“in one of the country’s most shocking recent human-rights cases.”

    Looks like you’ve already made your mind-up… kind of like Uribe, but the other way.

  2. Montserrat Nicolas Says:

    I thought that ‘Uribe Lionheart’ always tried to get his facts checked with his crew, to assure tey are always ‘on the same page’…This, however, is SLOPPY. What’s next? An un-corrupt court?

  3. Chris Says:


    Is that a picture of you on the blog?

  4. Kyle Says:

    This is the second time Uribe has done this in the most recent memory (though there may be more I’m unaware of since the first I cite here). Remember the use of the Red Cross? Uribe echoed the Army’s position on it essentially without evidence to fully confirm it. Then it came out that what Uribe/the Army said did not happen as such. You would think he’d learn.
    There are two types of lies: (1) Knowing what you present as true is not and (2) Presenting information as true that you are not sure is true. It seems Uribe best be careful to stop just repeating the Armed Forces words to him. (I don’t know what happened to the 11 young men but I do know Uribe is committing the second type of lie, otherwise why rectify his position?)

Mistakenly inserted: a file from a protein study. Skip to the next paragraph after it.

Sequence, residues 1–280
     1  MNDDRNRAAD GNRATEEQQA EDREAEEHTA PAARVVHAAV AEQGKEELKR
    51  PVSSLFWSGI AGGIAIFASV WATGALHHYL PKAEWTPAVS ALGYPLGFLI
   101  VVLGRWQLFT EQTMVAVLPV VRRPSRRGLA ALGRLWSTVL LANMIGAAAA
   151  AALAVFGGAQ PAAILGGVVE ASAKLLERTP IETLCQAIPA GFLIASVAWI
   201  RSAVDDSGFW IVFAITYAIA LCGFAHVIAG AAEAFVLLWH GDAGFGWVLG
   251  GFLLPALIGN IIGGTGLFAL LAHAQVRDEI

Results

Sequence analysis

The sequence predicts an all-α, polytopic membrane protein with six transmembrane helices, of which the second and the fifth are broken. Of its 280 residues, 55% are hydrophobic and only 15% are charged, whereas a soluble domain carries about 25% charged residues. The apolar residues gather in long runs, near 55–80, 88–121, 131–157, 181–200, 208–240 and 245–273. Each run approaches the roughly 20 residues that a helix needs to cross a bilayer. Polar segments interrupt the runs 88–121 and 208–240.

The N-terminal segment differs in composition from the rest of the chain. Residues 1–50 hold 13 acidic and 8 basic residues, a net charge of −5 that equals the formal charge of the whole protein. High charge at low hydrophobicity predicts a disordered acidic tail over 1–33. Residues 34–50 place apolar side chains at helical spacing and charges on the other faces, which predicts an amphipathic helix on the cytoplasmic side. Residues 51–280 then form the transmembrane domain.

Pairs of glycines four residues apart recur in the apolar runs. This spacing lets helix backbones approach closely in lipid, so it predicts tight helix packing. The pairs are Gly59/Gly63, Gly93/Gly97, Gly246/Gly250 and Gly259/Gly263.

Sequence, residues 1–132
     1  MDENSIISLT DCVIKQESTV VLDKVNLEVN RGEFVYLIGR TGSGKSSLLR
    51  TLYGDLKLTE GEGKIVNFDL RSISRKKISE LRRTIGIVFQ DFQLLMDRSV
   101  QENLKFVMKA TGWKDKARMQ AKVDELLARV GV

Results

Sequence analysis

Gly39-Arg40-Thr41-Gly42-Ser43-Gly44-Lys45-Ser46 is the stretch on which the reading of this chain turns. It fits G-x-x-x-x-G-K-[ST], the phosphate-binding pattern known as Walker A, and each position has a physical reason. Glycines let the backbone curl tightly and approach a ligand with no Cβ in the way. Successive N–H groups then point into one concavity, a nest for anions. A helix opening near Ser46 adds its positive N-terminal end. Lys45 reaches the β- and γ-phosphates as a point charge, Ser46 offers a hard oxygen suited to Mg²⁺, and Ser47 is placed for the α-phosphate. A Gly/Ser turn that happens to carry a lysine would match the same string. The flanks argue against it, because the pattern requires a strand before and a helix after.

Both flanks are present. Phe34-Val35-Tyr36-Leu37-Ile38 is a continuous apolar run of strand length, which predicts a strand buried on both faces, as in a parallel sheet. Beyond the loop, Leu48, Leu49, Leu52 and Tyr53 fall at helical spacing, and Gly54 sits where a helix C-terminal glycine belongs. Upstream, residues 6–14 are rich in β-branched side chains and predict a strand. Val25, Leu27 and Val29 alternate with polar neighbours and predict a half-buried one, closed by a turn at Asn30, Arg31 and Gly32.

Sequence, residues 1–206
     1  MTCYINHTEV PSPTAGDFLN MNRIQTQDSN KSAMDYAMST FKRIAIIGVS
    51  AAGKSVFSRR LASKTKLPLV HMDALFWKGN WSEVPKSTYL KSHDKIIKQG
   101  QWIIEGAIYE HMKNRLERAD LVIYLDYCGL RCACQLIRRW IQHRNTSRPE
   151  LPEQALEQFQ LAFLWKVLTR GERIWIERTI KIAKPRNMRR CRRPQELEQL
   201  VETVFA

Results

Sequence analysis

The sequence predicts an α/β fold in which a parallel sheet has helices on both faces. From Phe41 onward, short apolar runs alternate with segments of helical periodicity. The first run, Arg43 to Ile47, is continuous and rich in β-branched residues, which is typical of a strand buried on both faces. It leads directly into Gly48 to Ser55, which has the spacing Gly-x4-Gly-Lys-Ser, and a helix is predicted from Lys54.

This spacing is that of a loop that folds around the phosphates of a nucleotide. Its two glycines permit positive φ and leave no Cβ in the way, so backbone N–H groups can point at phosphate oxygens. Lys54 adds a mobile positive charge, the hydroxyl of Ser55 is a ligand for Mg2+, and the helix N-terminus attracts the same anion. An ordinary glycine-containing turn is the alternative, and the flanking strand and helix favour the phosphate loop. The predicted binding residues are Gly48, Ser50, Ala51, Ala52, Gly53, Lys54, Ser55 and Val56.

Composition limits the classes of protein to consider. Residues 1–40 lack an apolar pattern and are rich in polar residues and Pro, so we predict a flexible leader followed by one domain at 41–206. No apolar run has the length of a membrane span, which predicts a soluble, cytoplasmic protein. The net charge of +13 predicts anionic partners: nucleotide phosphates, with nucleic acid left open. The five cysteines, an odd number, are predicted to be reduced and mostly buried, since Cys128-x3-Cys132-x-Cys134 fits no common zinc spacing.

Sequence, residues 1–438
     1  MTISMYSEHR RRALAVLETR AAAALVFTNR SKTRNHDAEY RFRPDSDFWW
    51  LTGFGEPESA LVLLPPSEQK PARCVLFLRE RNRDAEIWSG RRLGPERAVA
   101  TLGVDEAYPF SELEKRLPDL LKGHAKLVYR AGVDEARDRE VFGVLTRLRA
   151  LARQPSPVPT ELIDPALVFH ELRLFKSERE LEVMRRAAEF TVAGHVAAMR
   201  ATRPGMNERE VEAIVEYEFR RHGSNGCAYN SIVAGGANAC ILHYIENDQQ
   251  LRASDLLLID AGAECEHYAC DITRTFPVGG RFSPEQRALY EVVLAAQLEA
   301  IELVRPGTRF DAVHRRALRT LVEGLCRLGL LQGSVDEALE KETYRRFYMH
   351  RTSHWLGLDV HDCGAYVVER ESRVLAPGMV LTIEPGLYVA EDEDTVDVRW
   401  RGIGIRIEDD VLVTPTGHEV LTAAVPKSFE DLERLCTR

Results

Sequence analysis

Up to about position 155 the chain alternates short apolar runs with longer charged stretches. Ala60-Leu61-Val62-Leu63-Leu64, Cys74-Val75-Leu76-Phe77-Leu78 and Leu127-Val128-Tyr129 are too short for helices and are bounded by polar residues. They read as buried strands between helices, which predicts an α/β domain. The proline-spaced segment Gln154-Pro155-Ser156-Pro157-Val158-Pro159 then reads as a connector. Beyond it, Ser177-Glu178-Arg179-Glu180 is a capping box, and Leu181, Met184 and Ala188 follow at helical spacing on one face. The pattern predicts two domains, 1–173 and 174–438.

5. Jaime Bustos Says:

    Kyle, this is the product of what has been a policy of state since the beginning of the iniquitous empire of crime in the Palace of Nari, known in Colombia as “false positives’ that amount to the well know false flag operations, of which neither the head of state nor the Minister of War can convincingly declare they are unaware of . Everybody forgets too quickly, but when the cartel emissary took office for the second time, the army was caught planting and activating bombs throughout Bogotá. The only one prosecuted for that case was ironically, according to the press a woman from the FARC.

  6. Marcos Says:

    There have been “false positives” for many more years and there have also been false flag operations in the other direction, but Jaime Bustos doesn’t even want to consider this…no, of course not, and obviously the president or his cabinet (any president or any cabinet, it’s not just an Uribe thing) must always be planning the most despicable acts in minute detail while smoking a cigar. Such a cartoon-like vision or reality…it makes me want to block myself from reading these comments.



  7. Jaime Bustos Says:

    Marcos nobody is forbidding you from ignoring my comments. If you don’t want to read them why just don’t skip them. You seem to not want to realize that what you are defending is a petty gang of wrongdoers and cynics. About having happened before, of course it has happened all the time, way before the 20th century to be exact. Only that doesn’t exculpate those politicians in power now from going round butchering and killing people at will.

  8. Montserrat Nicolas Says:

    Yes Chris, c’est moi (long time ago)…Now, HOW is that fact relevant when discussing the constant circus going on in the Colombian Kingdom ????

  9. Montserrat Nicolas Says:

    abs off-topic: yes.

Leave a Reply